15 Sep 2018

Jamie Kirchick : “Reflections on the Revolution at Yale”

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Jamie Kirchick, Pierson 2006, is running as an outsider candidate for a seat on the Yale Corporation. In Quillette, he describes the disgraceful events of 2015.

Three years ago this Fall, Yale University descended into what can only be described as a fit of mass psychosis.

On November 9, 2015, over 1,000 people—about one fifth of the undergraduate student body—walked out of classrooms and into the quad to participate in a ‘March of Resilience.’ An a cappella group led the crowd in a medley of “We Shall Overcome.” Native Indian performers formed a drum circle. “We are not victims,” a student organizer affiliated with the school’s Latino cultural center declared. “Today, we are on our way to being victors.”

Against what sinister forces did Yale’s students feel compelled to summon up their stocks of ‘resilience’ in righteous battle? The first grievance cited by the student protestors was an alleged ‘white girls only’ party thrown by one of the university’s fraternities. Word of this event had gone from a Facebook post to international headlines, tarnishing Yale’s good name in the process. Had such a party actually taken place, it indeed would have been cause for protest. But it’s hard not to be skeptical about this sort of thing, as many of them turn out to be hoaxes, often perpetrated by the very people claiming offense.

Which is exactly what an investigation by the Yale College Dean’s Office determined a month later, finding “no evidence of systematic discrimination against people of color” at said ‘white girls only’ party. The Dean did, however, fault the brothers of Sigma Alpha Epsilon for “creat[ing] a chaotic environment,” demonstrating “little regard to crowd control and overcrowding inside the house” and “behavior” that “fell short of the community standards and the kind of civic engagement that I have sought to promote.” He found them guilty, in other words, of being frat brothers.

The second supposed incident of racial injustice involved an email sent by a professor, Erika Christakis, questioning an administrative warning to students regarding Halloween costumes that perpetrate ‘cultural appropriation.’ Because Christakis had suggested that young adults should be able to make their own decisions about masks and capes, a mob of students, faculty, and deans demanded that Yale remove Christakis and her husband, fellow professor Nicholas, from their positions as residential advisors. During a two-hour, outdoor harangue of Nicholas, captured on a video that went viral, students yelled, cursed, and physically intimidated him as four Yale deans and administrators watched impassively.

While the university did not succumb to demands that the couple be sacked, the administration essentially sent the message that sided it with the students. Two weeks after the ‘March of Resilience,’ the administration announced a doubling of budgets for the various (African-American, Latino, Native American etc.) cultural centers, racial sensitivity training for faculty and administrators, and the creation of the Center for the Study of Race, Indigeneity, and Transnational Migration (which has since become the institutional home of the postmodern cultural studies journal Social Text, known primarily for its embarrassing role in the Sokal hoax). This diversity-budget bloat is part of a larger trend. And it has coincided, not coincidentally, with a doubling of tuition since the time I was a Yale freshman 15 years ago. As for the students who mobbed Nicholas Christakis, not only did the University (disregarding its own undergraduate regulations) conclude that their behavior fell short of grounds for disciplinary action, it rewarded two of them with prestigious class prizes upon graduation in 2017. …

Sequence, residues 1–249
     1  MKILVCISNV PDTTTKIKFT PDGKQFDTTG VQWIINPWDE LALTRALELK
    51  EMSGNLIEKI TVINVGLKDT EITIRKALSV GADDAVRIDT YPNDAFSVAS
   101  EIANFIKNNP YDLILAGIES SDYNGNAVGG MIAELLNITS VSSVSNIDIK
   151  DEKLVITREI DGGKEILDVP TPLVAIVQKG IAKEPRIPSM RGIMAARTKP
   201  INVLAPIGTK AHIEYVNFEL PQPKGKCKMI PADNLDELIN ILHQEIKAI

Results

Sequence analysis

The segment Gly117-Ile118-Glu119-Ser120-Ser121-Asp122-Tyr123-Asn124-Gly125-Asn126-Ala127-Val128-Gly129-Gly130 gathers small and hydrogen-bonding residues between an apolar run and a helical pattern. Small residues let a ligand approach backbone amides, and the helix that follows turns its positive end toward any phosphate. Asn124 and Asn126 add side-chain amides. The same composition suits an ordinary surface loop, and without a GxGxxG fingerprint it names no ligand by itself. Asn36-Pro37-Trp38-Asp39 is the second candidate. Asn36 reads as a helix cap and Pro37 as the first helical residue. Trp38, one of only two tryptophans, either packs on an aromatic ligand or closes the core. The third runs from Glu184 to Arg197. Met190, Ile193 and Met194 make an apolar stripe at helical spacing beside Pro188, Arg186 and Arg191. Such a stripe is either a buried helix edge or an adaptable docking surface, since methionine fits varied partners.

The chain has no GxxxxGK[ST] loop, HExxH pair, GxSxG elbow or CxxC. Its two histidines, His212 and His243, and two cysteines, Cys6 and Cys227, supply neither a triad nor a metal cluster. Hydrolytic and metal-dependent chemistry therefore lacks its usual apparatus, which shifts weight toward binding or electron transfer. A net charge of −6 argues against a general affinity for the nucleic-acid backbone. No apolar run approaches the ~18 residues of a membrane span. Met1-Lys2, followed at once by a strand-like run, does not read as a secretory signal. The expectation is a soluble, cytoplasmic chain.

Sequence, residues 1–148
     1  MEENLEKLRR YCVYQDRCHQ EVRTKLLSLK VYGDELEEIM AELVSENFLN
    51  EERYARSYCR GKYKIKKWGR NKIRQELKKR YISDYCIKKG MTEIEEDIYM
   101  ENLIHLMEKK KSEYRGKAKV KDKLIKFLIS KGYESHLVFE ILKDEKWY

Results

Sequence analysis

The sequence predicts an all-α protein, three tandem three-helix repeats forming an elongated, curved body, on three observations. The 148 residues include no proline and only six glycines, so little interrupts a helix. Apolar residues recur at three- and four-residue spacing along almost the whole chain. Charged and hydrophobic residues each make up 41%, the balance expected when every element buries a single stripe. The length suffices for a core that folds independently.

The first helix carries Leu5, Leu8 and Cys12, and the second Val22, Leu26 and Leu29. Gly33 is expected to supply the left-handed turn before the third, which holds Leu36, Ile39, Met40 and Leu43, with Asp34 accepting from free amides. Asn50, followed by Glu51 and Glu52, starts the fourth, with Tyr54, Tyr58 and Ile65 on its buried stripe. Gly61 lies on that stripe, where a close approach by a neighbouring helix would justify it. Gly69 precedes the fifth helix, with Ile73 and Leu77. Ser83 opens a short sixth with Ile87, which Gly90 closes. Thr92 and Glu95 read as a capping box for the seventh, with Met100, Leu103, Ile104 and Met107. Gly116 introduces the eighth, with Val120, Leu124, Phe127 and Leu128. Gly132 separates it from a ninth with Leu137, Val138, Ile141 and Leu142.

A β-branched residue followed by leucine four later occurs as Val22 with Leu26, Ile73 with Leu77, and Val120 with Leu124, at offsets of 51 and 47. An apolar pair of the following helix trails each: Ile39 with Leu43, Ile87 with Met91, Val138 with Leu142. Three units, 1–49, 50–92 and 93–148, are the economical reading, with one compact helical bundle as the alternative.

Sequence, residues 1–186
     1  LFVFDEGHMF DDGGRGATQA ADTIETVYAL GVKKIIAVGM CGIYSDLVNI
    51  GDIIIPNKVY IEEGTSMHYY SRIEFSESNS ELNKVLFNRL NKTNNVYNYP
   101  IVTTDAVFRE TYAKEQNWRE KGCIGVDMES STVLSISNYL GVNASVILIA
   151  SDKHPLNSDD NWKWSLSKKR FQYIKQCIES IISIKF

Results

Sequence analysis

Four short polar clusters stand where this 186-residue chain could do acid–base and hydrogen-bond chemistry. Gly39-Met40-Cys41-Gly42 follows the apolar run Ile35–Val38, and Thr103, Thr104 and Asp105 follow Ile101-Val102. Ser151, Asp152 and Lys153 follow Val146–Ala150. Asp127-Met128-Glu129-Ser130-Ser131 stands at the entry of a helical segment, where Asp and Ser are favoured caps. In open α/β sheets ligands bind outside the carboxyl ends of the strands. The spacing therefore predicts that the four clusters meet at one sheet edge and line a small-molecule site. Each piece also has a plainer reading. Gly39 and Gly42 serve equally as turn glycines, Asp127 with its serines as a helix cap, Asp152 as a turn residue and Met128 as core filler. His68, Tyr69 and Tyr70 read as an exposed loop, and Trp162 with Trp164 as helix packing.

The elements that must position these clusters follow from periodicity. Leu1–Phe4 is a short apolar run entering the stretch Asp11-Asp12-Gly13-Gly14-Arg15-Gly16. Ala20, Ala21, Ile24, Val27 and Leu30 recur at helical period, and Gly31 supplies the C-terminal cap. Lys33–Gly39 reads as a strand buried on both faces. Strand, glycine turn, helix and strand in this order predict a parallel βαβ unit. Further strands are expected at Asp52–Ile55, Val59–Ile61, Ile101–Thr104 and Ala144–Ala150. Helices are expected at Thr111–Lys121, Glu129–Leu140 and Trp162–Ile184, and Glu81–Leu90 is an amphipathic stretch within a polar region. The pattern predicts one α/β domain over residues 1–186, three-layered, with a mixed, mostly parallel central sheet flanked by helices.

It would be nice to have university leaders whose instinct, upon being confronted with baseless accusations that their school is suffused with racism, would be to defend the institution’s good name, not bow and capitulate. There are, no doubt, racist people at Yale, just as there are racist people everywhere. But there is no reason to believe—and, indeed, very much reason to doubt—that Yale is any more racist than the country at large (unless one takes into account its potential discrimination against Asians, which the university has implicitly acknowledged by signing onto an amicus brief defending Harvard’s allegedly anti-Asian undergraduate admissions policy).

That Yale does not, presently, have leaders willing to speak plainly to such attacks is one of the reasons I am now mounting a petition candidacy to join the university’s board of trustees (formally known as The Yale Corporation).

RTWT

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3 Feedbacks on "Jamie Kirchick : “Reflections on the Revolution at Yale”"

Seattle Sam

Having a trustee like Jamie will be like watching Donald Trump come into the China Shop that is the Washington establishment. Today, alumni get zero insight into what is going on at the Yale Corporation and, worse, nobody even seems to challenge “management”.



m l. carr

What happened w/ your rump candidacy for Yale Trustee? Your web site provides no info and the Secretary site has no /s/ area. It seems to indicate the deadline was May, but your AlumMag ad gives Oct1 date.

I don’t necessarily agree w/ the somewhat confusing info I have found, but am uneasy about the student anti-freedom of speech actions.

When I was at Yale (1958-65) we had “commies” and other outliers who were unpopular speak w/o riots, etc. And, of course, Bill Buckley of recent memory from the other side.



JDZ

Here’s a link to his web-site: https://www.jamiefortrustee.com/ .



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